Sep 10, 2008

A Fine and Private Place by Peter Beagle

The grave's a fine and private place,
But none, I think, do there embrace.

Andrew Marvell, "To His Coy Mistress"

It begins with a raven stealing a baloney. He then flies over New York to Yorkchester Cemetery, delivers it to one Mr Rebeck, and stays for a little chat. It’s a rather sarcastic raven, but a kind one deep down.

A Fine and Private Place is a love story between Michael Morgan and Laura Durand. Of the things they have in common, one stands out – the fact that they are both dead. It’s also a love story between Mr Rebeck and Mrs Klapper, who are both very much alive. But Mr Rebeck has secretly lived in a graveyard for almost twenty years.

When I finished A Fine and Private Place, one word crossed my mind – “wow”. It’s not a very eloquent word, I’ll grant you, but I was at a loss for more. How can I begin to explain how much I loved this book?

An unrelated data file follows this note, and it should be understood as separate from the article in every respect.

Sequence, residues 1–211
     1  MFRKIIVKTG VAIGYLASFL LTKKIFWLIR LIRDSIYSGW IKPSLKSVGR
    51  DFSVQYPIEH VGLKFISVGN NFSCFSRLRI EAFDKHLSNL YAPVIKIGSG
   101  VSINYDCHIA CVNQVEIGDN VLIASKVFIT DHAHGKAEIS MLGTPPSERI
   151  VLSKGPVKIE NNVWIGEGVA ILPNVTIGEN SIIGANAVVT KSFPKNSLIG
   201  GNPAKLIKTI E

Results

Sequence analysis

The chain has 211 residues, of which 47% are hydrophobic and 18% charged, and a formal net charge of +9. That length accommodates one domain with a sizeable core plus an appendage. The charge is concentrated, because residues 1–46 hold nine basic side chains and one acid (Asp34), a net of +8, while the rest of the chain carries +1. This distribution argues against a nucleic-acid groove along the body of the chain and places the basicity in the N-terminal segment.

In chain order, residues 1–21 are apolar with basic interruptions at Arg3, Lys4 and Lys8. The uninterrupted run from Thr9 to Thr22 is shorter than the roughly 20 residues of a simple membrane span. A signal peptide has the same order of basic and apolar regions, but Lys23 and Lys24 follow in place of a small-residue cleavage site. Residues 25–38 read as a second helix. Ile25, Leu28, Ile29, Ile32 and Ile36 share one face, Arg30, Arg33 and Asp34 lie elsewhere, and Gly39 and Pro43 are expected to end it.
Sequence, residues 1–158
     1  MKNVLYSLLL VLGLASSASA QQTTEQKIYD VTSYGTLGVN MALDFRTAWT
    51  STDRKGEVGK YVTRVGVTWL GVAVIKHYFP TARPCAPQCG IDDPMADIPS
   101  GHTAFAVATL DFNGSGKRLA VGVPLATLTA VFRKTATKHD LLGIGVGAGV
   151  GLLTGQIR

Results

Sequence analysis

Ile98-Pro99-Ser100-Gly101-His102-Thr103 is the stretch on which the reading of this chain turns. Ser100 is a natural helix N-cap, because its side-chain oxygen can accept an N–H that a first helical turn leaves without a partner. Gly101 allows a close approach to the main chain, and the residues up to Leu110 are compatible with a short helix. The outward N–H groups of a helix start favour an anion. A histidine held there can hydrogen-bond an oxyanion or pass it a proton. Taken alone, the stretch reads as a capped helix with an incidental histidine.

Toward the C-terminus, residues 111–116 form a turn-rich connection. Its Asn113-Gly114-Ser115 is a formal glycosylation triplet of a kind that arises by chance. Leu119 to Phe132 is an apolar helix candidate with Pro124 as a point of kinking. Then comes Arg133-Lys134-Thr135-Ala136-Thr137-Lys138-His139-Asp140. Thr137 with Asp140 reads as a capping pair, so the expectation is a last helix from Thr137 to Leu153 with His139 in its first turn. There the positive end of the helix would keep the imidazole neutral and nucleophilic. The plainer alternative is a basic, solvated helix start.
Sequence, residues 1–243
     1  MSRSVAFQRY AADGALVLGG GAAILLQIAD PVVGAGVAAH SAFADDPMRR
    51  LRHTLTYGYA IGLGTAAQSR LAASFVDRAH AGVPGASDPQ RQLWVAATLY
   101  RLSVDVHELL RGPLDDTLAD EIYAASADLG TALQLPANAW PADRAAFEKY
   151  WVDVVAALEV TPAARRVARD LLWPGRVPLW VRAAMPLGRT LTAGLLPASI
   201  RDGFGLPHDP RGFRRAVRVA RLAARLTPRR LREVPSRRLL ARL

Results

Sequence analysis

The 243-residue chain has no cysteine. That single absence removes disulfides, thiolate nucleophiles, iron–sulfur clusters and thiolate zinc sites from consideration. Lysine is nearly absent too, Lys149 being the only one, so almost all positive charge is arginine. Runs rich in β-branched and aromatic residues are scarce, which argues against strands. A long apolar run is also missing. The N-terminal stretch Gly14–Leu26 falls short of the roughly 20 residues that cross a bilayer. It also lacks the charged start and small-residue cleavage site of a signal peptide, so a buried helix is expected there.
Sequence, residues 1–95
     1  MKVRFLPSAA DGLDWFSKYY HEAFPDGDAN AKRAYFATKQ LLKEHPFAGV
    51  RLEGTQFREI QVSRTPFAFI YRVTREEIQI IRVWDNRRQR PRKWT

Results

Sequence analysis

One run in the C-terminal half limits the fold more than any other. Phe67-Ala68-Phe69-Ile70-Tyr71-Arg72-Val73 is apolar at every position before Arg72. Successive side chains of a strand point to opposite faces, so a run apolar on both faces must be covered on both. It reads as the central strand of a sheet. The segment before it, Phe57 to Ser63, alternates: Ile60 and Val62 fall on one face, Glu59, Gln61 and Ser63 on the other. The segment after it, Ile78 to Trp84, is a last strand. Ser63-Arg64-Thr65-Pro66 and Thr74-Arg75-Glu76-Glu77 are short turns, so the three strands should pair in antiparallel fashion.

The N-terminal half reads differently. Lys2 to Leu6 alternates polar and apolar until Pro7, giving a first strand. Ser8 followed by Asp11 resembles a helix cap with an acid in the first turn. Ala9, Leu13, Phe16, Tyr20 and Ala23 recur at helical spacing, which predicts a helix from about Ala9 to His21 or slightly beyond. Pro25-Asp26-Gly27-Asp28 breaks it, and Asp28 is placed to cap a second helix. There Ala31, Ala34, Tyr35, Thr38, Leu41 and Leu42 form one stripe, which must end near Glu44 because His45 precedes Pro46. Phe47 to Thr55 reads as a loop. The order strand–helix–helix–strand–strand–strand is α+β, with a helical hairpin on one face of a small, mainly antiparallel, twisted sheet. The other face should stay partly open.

I think I’ll start by saying that in some ways it reminded me a lot of The Good Fairies of New York. And if you have been reading this blog for some time, you have probably heard me go on about how much I love The Good Fairies of New York. Both are such kind and wise books. Both have a similar kind of subtle humour, of tenderness, of warmth.

A Fine and Private Place is a lovely and quiet ghost story that is very much about being alive. It’s about fear and loneliness and love and time – fighting to delay our goodbyes even if just for five more minutes. They will go by fast, yes, but they matter so much. It’s about the importance of little things, little gestures, of the bonds that tie us to one another. It’s about daring to be alive.